The skin clothing from the MacFarlane Collection is an amazing record of Inuvialuit clothing styles from the mid-19th century. The clothing has been kept carefully in climate-controlled conditions by Smithsonian curators for the past 150 years and is in amazing condition. The clothing includes such items as: women’s, men’s and children’s parkas, kamiks, mitts, fur ruffs, pants, and gloves, in addition to a various types of bags, pouches, and other containers which you can view on the Collection section of this website.
"While at the Smithsonian Institution, the group had the pleasure of examining a number of clothing items made by our ancestors. What is unique about the clothing is that since they were made in the 1800s, they are adjgaat ingilraanittat, kamngit ingilraanittat and atigit ingilraanittat or real, traditional clothing (translation by Beverly Amos), including Inuvialuit gloves, mukluks and parkas! We were fortunate to have Mrs. Freda Raddi on the trip. She is an expert seamstress, using the skills she learned from her mother. Freda immediately put her knowledge to work by making patterns of the clothing out of paper and cloth. Freda took great pride in her role, as she knew that the clothing is ancient and that there are very few examples of this style of clothing. One of the objectives of the project is to take the information and share with all Inuvialuit. Seamstress Heather Scott is currently making patterns of several of the skin clothing pieces to share with Inuvialuit seamstresses. By making clothing patterns and examining the stitching and decorations used in the past, we are able to continue to live and share our traditional Inuvialuit heritage".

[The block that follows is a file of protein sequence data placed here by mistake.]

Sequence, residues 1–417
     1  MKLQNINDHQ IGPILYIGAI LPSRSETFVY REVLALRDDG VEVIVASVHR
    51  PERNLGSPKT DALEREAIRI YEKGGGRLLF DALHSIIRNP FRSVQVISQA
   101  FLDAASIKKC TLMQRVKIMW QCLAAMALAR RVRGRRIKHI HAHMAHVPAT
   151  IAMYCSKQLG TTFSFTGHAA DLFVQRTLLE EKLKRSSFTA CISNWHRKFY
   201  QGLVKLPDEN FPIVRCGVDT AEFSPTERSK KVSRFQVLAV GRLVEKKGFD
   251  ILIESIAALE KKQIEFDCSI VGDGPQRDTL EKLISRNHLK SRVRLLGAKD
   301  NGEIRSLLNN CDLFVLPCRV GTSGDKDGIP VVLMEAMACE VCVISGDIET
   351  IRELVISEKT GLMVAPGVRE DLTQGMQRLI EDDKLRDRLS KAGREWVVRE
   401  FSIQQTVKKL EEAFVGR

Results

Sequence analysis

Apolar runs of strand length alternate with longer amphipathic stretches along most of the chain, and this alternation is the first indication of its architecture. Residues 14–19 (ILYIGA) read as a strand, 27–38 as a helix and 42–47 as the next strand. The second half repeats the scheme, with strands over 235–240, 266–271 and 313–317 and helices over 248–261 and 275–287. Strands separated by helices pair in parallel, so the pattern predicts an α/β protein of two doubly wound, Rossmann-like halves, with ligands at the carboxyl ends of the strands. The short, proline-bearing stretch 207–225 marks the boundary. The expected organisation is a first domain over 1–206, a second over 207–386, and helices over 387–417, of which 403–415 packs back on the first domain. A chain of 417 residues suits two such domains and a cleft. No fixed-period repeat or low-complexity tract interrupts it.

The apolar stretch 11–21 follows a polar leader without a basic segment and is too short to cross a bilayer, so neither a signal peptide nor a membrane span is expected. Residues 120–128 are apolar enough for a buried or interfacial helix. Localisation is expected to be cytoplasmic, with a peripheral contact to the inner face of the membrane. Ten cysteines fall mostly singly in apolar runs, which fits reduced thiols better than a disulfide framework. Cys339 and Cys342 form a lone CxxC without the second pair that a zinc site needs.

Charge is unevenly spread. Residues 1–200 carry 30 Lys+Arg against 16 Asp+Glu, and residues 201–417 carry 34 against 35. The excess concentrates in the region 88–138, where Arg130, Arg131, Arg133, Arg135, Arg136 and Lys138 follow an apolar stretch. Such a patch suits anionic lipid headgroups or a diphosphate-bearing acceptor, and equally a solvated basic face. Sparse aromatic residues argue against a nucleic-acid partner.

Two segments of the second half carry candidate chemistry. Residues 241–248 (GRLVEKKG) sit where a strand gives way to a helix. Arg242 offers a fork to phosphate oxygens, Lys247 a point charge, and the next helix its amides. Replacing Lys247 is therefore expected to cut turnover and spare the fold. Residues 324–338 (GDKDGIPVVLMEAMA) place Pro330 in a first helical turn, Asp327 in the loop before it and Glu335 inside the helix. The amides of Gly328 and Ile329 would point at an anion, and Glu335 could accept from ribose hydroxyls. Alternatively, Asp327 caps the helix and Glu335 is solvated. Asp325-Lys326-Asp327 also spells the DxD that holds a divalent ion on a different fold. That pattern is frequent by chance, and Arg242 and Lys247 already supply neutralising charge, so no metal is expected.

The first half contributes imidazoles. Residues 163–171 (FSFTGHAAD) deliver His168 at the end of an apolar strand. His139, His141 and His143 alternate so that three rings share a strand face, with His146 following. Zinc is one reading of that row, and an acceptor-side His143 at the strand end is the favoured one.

More information about patterns for the Inuvialuit clothing will be added at a later date. In the meantime, a pattern for mittens can be found in the Lesson Plan 3b on this website.